Some cloud backup providers are starting to build their own clouds for their purposes. Is that a good idea? Shouldn’t they use more general-purpose cloud providers like Amazon, Google, or Microsoft? What value can be derived from having your backup provider have their own private cloud?
As of this writing, the most obvious thing that comes to mind is the Amazon outage of early March 2017. Someone typed the wrong command and took out an entire availability zone. If your backup cloud provider is relying on another vendor’s public cloud offering for their compute, network, and storage, they are subject to that platform’s availability. When a public cloud provider goes down, every company that uses that cloud provider is also down.
Smart readers might rightly ask, “Are the backup vendor’s system administrators any better than the public cloud system administrators?” I will say that’s irrelevant. You’re already using the backup cloud provider, so you’ll use their system administrators. The question is whether you will also use the system administrators of the public cloud vendor. When your backup cloud provider is using a public cloud provider’s VMs to do their job, you increase the chances of a mistake because you increase the number and types of people administering the system. If a backup cloud provider is running their own private cloud, at least you only have to worry about their system administrators.
Another thing to think about is what we call security by obscurity. Big public cloud providers are well known to everyone, including those wishing to do you harm. They are a big target and as such draw a lot of attacks; therefore, large numbers of people are figuring out how and when to attack those providers. They successfully defend against almost all of those attacks, and only one of those attacks has to get through to cause an outage. The fact remains that public cloud providers are a much bigger target than a small private cloud created by a cloud backup provider.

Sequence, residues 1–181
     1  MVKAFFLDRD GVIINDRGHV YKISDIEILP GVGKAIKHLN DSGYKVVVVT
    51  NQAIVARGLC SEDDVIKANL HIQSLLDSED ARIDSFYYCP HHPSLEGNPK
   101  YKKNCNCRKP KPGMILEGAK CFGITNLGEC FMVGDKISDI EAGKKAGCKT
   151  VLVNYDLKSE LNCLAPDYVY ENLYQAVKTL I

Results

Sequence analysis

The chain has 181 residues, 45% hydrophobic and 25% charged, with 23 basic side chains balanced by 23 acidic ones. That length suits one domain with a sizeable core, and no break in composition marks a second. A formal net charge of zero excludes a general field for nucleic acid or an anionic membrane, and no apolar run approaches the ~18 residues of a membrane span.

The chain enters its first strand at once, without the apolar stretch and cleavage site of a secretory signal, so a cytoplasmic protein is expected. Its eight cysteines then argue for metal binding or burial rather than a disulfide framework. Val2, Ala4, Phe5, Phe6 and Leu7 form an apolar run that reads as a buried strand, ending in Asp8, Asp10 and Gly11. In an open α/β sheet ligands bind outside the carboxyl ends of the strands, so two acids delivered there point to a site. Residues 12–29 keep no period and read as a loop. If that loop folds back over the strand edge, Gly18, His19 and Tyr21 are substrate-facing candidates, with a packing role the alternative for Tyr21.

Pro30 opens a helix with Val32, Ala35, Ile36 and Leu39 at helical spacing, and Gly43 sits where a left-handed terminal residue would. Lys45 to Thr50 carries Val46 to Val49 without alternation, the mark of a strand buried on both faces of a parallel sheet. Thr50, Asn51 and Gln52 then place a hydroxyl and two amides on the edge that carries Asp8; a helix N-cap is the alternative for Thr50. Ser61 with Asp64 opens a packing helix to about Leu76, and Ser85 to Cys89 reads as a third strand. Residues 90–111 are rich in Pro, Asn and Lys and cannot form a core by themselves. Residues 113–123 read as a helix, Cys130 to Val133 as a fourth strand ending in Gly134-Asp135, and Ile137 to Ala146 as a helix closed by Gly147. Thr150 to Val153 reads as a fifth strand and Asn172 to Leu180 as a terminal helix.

Theoretically a backup cloud provider could also provide better performance by designing both the hardware and the operating system specifically for the needs of their product. This is simply not possible in a large cloud provider. You may be able to tweak the operating system, but you will not be able to specify particular brands of storage, compute, or networking. Having control over all of those pieces of the infrastructure creates the possibility the backup cloud provider can create a better performing product for your purposes.
The final thought about this question is that if there is a problem with the physical infrastructure, owning that infrastructure makes solving that problem much easier. Being one of millions of customers of a large cloud provider makes it much more difficult to solve a problem that might be caused by some type of hardware or operating system dependency problem. Owning the infrastructure does not remove such dependency problems, but it does make troubleshooting much easier.
Of course there are advantages to using a general-purpose cloud as well, but it’s hard to argue with these advantages of a private cloud built specifically for the purposes of backup and recovery. Greater availability, less susceptibility to hacking, better performance, and easier troubleshooting are all good things that should make your experience with a backup cloud provider better.
QuorumLabs, Inc. is headquartered in San Jose CA with offices all around the world. Quorum “Disaster Recovery as a Service” (DRaaS) solutions provide organizations with both local and remote instant recovery capabilities for their servers, applications and data. Quorum onQ provides the fastest on premises backup and recovery appliance combined with the most flexible DRaaS in the industry. This hybrid approach allows Quorum customers to enjoy high performance and cloud scale in a single product. To learn more, visit www.quorum.com/product for details.